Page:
Detecting pain in our pets can be very difficult – oral pain can be even harder to diagnose. Often it is only when we see an improvement or change in behaviour after effective dental treatment, that we realise that our pet may have been suffering.

Some signs that may indicate that your pet is in pain:

  • Reluctance to play
    Sometimes pets will gradually lose interest in chewing or playing with toys. However as this is often a gradual change we might think that they have simply lost interest in a particular toy.
  • Reluctance to eat
    It is only at the far extreme of dental disease that pets will stop eating – although you may notice earlier changes.
  • Favouring one side of the mouth
  • Dropping food from the mouth when eating
  • Appearing to have difficulties in picking up food
  • Being reluctant to chew on dry food.
  • Pawing at the mouth
    Sometimes oral pain can lead to a pet repeatedly scratching at their mouth – sometimes enough to make their face bleed.
  • Pain on examination
    A reluctance to allow full examination of the mouth may indicate pain. If a swelling on the side of the face appears to be painful when it is touched – it may be associated with an underlying tooth root abscess.
    If your pet’s mouth is very painful your vet will need to use a sedative or an anaesthetic to properly assess the situation.


Give us a call on 01670 457271 to book an appointment.

Here’s a date for your diaries – 17th November 2012 will be our official open day!

All will be welcome (infact, the more the merrier) to come and have a look around, there will be games, staff of hand to answer and questions & lots to look at 🙂

We will be announcing further details nearer the time 🙂

Stanley made his debut at the Northumberland Park Dog Show, he met the staff from St Clair who advised that he was neutered

So, he came to visit us yesterday for a pre-neuter check. We’ll post pictures of his next visit when he comes in to be castrated

Rory listens to Stanley’s heart during his pre neuter check


Stanley gets weighed at St Clair Vet Care


Stanley marks the reception desk at St Clair Vet Care as his own


Keep checking back to keep track of Stanley’s tail….

St Clair hoodies are now available.

They come in sizes – Small, Medium & Large.

ONLY £19.99 (vet not included)

Please pop in to the surgery to have a look or purchase a hoodie 🙂


ONLY £19.99 (vet not included)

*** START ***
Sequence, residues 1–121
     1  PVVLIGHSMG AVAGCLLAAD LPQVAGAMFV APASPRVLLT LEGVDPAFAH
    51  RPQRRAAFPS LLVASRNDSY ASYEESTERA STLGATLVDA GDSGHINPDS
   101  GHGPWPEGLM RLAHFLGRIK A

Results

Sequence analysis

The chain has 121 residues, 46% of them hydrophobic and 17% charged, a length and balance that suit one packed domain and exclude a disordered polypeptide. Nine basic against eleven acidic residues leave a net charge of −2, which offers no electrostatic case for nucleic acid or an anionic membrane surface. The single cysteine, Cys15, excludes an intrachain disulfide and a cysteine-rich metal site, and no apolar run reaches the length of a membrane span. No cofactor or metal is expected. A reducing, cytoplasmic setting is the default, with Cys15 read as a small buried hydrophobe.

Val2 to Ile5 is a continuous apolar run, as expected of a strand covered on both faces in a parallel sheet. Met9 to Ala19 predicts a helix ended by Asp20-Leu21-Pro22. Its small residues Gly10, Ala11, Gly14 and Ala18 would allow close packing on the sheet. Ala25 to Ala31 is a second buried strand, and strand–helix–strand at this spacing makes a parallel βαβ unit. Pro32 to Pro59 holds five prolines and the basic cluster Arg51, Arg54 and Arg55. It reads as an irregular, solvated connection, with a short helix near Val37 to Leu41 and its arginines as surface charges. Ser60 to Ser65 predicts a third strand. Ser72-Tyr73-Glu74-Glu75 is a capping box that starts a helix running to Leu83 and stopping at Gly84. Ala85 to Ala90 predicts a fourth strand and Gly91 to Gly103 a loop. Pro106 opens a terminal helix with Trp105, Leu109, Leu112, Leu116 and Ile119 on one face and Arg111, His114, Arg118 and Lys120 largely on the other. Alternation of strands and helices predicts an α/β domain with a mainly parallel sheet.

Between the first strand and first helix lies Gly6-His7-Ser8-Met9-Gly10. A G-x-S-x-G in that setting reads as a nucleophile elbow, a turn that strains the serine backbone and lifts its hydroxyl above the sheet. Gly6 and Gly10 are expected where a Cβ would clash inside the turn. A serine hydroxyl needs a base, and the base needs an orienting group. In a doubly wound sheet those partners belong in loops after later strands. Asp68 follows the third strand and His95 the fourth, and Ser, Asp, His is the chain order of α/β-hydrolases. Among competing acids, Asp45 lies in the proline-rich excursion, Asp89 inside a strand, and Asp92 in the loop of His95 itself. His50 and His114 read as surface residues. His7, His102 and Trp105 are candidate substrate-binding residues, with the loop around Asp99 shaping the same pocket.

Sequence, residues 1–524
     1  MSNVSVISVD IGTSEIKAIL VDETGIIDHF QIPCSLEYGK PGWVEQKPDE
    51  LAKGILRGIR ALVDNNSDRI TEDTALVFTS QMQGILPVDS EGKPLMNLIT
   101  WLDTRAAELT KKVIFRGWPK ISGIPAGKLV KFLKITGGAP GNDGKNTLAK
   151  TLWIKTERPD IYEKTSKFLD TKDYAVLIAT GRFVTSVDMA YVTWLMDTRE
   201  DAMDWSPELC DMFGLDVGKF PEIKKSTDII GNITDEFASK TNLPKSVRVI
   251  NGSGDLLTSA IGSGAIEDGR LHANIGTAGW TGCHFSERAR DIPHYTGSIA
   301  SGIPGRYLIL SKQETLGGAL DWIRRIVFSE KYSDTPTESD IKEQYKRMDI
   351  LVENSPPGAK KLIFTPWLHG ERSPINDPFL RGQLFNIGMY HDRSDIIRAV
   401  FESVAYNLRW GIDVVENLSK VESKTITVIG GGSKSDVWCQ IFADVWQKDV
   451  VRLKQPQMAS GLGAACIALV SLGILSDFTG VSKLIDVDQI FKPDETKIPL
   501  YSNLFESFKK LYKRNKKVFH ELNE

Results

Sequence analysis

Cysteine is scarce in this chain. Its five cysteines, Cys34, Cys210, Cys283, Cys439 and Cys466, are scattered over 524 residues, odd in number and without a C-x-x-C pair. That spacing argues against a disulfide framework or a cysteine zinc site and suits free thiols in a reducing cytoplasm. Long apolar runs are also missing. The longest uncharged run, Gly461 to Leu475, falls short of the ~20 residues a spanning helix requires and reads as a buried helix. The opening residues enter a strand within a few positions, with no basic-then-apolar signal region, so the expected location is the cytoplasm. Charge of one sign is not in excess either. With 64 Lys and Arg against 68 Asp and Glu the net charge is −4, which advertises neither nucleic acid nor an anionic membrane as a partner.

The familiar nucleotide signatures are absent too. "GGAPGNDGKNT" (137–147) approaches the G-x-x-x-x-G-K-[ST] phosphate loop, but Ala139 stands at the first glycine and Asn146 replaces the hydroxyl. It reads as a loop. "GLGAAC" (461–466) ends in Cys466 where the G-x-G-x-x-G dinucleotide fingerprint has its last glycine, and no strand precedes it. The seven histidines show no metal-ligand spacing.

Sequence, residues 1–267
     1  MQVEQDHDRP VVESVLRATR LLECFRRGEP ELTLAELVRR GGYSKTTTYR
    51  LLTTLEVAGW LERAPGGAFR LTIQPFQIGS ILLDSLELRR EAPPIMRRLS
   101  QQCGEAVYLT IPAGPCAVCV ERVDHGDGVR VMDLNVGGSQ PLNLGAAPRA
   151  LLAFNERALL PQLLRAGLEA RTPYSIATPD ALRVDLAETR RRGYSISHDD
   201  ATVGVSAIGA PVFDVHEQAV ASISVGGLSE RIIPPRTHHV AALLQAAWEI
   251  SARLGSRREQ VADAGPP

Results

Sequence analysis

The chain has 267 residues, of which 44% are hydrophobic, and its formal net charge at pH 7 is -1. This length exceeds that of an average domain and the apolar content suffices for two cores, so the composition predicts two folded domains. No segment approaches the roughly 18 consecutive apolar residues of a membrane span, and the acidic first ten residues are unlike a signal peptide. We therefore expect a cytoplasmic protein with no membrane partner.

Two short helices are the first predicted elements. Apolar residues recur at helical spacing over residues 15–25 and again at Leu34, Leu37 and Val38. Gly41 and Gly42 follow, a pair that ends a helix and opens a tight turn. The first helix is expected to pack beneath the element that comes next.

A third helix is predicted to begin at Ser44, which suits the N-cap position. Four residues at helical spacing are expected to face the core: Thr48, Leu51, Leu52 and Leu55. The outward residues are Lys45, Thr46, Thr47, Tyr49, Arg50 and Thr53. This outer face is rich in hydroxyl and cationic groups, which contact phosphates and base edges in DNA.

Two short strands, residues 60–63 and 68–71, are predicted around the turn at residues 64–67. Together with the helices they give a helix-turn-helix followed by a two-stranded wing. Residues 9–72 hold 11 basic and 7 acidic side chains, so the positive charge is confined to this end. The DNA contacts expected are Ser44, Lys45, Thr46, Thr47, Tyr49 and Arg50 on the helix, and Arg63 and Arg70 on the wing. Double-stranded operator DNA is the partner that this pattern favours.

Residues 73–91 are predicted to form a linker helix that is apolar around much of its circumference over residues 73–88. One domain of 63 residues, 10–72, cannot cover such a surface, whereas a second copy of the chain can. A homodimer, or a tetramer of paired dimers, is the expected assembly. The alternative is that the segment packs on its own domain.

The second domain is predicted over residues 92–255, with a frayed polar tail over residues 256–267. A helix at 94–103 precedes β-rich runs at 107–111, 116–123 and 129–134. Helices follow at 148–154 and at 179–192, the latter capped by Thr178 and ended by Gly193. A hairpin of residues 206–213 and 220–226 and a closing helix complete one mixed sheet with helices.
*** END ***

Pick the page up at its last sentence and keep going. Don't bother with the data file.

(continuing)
Thank you to everyone who came to see us at our stall at Northumberland Park Dog Show.

The weather held out for us (thankfully) and we had a brilliant day. It was lovely to see so many gorgeous dogs and their owners.

Our Veterinary Nurse, Claire was judging all day and it was almost impossible to pick a winner.

Stanley, the St Clair dog made his debut, he even tried his paw at entering a class at the dog show.


Over the last few weeks we have seen an alarming number of rabbits suspected to be infected with Myxomatosis.  Myxomatosis is a fatal disease with no known cure resulting in no option other than euthanasia.  It starts with swelling around the eyes and progresses to blindness and severe discharge.  Swellings can also occur around other areas of the head and may affect the genitals.



The disease is usually spread by biting insects such as fleas and mosquitoes but can also be caused by direct contact between affected rabbits.  Fleas can be carried into the environment by other dogs, cats or rabbits or you can carry them in if you have been in contact with a dog, cat or rabbit that has fleas.  Biting insects can fly into the house or garden and directly affect the rabbit.



Traditionally rabbits had to be treated every 6 months to protect against Myxomatosis.  At St Clair we use state of the art vaccination technology to provide rabbits with a 12 month immunity to Myxomatosis and this comes with the added benefit of 12 months immunity to Rabbit Haemorrhagic Disease, an emerging fatal disease in rabbits that is being seen with increased frequency in this country.



As part of Rabbit awareness week we are offering 20% off our rabbit vaccination to encourage as many rabbits as possible to be protected against this current outbreak.